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Dartmouth College president Jim Yong Kim, U.S. President Barack Obama's nominee to president of the World Bank, reaches out to shake hands as he arrives for meetings at the bank's headquarters in Washington, April 11, 2012. Russia has announced its support for Mr. Kim's appointment to head the bank. (Jonathan Ernst/Reuters/Jonathan Ernst/Reuters)
Dartmouth College president Jim Yong Kim, U.S. President Barack Obama's nominee to president of the World Bank, reaches out to shake hands as he arrives for meetings at the bank's headquarters in Washington, April 11, 2012. Russia has announced its support for Mr. Kim's appointment to head the bank. (Jonathan Ernst/Reuters/Jonathan Ernst/Reuters)

Russia backs U.S. nominee to head World Bank Add to ...

Russia will back Jim Yong Kim, the U.S. nominee for the next World Bank head, Russian Finance Minister Anton Siluanov said on Friday after meeting the candidate, who is in Moscow on his world tour to drum up support.

“Taking into account Mr. Kim’s considerable professional qualities as well as his experience and knowledge, the Russian Federation will support the candidacy of Jim Yong Kim during the voting by the bank’s board of directors,” the Russian Finance Ministry said in a statement.

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The statement added that Mr. Kim had gained extensive experience working in Russia when he served in the World Health Organization (WHO).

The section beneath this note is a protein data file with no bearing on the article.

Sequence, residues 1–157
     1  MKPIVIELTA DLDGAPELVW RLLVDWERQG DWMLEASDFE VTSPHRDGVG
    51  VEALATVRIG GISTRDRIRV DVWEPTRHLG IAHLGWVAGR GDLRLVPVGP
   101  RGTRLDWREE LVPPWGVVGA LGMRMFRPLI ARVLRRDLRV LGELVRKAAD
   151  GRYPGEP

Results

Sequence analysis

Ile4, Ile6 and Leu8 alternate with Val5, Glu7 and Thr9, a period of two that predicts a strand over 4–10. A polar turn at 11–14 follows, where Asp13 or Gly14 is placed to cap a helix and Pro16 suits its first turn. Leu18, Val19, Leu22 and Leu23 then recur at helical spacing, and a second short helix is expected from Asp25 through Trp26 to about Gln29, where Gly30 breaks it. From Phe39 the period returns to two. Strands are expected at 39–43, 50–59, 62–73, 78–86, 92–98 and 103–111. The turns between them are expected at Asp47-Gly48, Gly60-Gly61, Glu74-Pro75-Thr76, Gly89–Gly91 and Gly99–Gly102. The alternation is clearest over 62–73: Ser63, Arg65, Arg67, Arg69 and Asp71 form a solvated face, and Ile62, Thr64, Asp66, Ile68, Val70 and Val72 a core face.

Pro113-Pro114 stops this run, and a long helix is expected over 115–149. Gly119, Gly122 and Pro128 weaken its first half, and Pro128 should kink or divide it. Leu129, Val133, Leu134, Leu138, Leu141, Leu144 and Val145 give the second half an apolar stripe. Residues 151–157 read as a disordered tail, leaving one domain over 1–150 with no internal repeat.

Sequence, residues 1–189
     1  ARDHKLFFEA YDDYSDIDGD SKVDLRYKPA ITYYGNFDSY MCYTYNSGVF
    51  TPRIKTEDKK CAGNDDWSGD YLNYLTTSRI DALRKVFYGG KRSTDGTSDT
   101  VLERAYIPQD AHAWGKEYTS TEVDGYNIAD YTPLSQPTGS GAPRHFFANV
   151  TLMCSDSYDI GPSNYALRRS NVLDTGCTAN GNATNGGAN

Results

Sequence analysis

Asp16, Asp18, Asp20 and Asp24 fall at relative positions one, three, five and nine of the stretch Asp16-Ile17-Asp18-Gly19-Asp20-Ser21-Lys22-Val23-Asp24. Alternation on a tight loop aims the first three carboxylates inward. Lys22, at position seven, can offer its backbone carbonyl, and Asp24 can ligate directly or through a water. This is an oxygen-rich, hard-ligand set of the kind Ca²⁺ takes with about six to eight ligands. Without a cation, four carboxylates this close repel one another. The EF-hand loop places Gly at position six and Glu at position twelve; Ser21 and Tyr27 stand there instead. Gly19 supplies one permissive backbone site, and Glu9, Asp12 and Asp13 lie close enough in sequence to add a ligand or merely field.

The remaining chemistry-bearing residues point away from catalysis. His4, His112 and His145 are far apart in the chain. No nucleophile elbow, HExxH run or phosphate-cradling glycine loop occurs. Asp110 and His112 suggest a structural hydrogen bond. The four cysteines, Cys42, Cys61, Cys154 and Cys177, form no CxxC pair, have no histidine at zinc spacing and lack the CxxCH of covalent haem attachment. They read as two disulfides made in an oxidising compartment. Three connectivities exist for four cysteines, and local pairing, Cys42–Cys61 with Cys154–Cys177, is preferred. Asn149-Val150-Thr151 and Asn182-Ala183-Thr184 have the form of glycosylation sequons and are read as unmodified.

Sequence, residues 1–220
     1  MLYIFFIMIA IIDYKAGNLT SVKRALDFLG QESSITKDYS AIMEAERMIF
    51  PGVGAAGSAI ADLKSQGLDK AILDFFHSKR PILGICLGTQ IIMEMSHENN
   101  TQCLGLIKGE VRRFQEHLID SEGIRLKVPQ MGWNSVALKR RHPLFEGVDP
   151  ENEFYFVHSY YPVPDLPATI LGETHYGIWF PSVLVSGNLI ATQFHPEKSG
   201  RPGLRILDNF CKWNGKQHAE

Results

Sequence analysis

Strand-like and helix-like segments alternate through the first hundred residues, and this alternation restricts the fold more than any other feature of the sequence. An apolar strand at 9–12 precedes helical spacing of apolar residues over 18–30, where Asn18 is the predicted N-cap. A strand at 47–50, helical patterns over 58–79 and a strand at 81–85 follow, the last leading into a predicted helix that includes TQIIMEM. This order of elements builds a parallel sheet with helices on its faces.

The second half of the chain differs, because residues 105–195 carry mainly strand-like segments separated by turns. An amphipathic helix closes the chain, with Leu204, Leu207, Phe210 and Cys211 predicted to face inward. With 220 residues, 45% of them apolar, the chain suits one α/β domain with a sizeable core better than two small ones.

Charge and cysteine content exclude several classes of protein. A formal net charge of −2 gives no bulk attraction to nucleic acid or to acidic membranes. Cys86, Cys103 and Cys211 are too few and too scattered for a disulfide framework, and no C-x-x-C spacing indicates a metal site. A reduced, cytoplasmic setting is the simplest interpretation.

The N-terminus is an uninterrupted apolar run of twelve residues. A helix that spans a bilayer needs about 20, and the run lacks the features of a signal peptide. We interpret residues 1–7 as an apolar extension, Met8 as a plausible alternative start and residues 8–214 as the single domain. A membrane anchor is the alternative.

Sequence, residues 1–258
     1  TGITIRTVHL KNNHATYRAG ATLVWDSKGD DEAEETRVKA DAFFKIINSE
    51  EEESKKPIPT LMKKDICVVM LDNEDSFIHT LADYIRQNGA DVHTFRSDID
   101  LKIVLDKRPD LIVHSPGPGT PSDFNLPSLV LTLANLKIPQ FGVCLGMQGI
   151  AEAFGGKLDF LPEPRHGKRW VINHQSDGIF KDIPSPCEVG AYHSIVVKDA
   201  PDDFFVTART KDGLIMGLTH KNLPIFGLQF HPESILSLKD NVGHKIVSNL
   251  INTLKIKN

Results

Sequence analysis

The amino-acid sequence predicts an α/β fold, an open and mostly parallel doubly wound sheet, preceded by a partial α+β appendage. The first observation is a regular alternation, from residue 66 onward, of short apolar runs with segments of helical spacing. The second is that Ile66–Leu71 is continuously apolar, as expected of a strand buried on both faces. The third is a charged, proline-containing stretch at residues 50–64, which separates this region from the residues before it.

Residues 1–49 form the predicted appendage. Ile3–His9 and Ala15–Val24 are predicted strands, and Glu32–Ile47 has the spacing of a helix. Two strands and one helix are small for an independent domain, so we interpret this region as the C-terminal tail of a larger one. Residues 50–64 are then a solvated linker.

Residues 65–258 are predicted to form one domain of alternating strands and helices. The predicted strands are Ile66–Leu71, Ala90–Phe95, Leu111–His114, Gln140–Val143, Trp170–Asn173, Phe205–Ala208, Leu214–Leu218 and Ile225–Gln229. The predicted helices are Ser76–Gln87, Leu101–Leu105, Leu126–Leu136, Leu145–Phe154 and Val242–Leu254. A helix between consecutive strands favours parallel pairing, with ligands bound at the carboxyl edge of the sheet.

While there, he led a WHO initiative that is credited with providing access to HIV treatment to millions of people in developing countries.

Mr. Kim served in various roles at the WHO from 2003-2005, according to a copy of his CV posted on the Dartmouth College website.

Mr. Kim, a public-health expert and former president of Dartmouth, already has been in Asia and parts of Latin and Central America to meet finance chiefs. On Wednesday, he was interviewed by World Bank directors.

Russia is the first of the BRIC countries – an acronym that refers to the four rapidly growing economic powers Brazil, Russia, India and China – to come out in support of Mr. Kim.

Two other candidates also are vying to succeed the current World Bank president, Robert Zoellick, when he steps down. They are Nigerian Finance Minister Ngozi Okonjo-Iweala and former Colombian finance minister Jose Antonio Ocampo.

However, sources said earlier on Friday that Mr. Ocampo is set to withdraw his nomination as emerging and developing countries agree to coalesce around a single nominee.

The job traditionally has gone to an American.

A decision on Mr. Zoellick’s successor is expected to be made public by the time the bank and its sister institution, the International Monetary Fund, hold semi-annual meetings in Washington, April 20-22.

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